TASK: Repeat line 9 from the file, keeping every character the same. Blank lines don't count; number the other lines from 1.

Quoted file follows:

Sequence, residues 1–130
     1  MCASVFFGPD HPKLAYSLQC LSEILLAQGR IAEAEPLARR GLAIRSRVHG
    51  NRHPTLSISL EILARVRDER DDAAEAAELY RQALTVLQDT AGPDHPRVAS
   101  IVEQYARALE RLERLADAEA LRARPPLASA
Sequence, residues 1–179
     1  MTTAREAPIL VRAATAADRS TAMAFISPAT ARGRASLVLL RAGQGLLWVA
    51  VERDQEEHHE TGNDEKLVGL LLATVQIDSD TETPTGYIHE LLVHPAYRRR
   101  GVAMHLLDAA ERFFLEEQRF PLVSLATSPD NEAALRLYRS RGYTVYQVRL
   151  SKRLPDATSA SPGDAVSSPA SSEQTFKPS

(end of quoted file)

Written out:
   151  SKRLPDATSA SPGDAVSSPA SSEQTFKPS